Compiled three years ago but only published in July 2018, the UK government’s report into shale gas extraction indicates a direct link between fracking and higher incidences of air pollution.
The report, written by the government’s Air Quality Expert Group (AQEG), estimated that a nationwide fracking industry of 400 wells would increase national emissions of air pollution. The findings include a growth in nitrogen dioxide by as much as 4%, while harmful volatile organic compounds (VOCs) could grow by 3%.
Responding to the report, Steve Billingham, CEO of air quality monitoring specialist Duvas Technologies, says he isn’t surprised by the findings: “The AQEG’s research into the pollutant risks attached to fracking further corroborates a raft of studies into fracking sites and the wider petrochemicals industry carried out both in Europe and North America.
“Earlier this year, for example, the University of Colorado published a ground-breaking report into the potential health implications of living near to an oil or gas facility. The study examined the effects of long-term exposures to hazardous air pollutants for those living near to oil and gas facilities. The results showed that the lifetime cancer risk was more than eight times higher than the US Environmental Protection Agency’s upper risk threshold for those living within 500 feet of a well.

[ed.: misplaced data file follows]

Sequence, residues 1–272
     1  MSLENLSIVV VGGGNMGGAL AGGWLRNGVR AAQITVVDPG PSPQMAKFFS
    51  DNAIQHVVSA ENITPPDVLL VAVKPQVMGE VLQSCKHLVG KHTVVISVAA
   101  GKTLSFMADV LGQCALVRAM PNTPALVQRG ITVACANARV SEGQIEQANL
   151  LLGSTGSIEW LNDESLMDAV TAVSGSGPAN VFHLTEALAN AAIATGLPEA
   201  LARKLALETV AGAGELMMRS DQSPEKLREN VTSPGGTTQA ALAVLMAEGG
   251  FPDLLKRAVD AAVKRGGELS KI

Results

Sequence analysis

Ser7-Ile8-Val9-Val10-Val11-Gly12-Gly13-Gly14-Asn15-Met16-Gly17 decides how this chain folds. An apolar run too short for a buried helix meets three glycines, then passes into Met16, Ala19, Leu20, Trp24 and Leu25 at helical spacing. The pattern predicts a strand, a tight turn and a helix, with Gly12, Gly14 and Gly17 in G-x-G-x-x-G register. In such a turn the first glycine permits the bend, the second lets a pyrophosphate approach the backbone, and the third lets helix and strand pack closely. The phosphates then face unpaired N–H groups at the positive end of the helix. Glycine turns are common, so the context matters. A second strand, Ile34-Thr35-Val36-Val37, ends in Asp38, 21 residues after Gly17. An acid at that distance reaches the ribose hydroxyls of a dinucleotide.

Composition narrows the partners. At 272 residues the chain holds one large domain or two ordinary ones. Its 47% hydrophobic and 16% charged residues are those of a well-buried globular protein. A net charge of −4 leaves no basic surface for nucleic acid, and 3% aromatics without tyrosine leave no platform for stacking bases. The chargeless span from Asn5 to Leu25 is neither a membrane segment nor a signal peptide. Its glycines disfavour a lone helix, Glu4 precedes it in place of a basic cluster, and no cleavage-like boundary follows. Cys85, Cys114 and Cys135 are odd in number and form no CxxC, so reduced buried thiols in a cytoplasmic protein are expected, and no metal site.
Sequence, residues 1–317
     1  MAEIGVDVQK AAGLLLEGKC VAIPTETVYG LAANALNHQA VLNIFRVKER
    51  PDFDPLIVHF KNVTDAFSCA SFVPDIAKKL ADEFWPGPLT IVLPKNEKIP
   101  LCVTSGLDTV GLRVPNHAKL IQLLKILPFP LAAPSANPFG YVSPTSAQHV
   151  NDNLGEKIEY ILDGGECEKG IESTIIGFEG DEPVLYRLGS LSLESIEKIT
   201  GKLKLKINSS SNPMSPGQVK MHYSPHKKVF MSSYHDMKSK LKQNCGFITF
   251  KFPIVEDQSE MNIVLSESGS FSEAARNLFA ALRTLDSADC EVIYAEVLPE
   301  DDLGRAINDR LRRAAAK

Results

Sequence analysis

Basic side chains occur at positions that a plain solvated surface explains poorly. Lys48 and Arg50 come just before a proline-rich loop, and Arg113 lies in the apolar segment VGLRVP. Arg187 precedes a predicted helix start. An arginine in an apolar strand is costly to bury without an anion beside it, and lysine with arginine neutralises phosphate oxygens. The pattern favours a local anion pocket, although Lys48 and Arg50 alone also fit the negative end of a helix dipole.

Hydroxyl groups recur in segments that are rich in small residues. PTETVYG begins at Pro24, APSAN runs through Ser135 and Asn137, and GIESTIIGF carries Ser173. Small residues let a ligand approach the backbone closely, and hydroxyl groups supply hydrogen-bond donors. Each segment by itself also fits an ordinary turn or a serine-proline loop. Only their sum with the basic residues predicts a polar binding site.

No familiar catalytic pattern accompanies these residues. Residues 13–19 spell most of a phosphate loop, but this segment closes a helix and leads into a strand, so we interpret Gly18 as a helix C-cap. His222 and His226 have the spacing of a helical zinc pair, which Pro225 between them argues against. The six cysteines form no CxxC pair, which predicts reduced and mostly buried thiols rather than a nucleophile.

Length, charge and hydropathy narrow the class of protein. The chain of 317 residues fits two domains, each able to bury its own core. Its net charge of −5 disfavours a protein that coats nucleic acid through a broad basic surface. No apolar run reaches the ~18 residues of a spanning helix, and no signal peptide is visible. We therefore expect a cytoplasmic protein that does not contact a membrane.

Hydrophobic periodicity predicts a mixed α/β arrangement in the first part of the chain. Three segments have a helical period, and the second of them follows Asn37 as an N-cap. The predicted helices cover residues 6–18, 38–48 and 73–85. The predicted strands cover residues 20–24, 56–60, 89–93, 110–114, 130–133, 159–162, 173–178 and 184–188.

“These latest findings are a stark reminder that oil and gas facilities must invest in robust air quality monitoring provisions. Fortunately, there have been major advancements over the past decade in the development of air quality monitoring technology. Alongside proven photoionization detection and gas chromatography technology, advances in UV Differential Optical Absorption Spectroscopy (UV-DOAS) are delivering unprecedented levels of precision and flexibility.”
Duvas itself has recently launched a next-generation monitoring solution, the DV3000, which quickly and clearly analyses gas type and concentration to within parts per billion (PPB) range. There has already been significant take-up for the system across the petrochemical industry, with the system able to monitor for more than 13 species of gases, including benzene.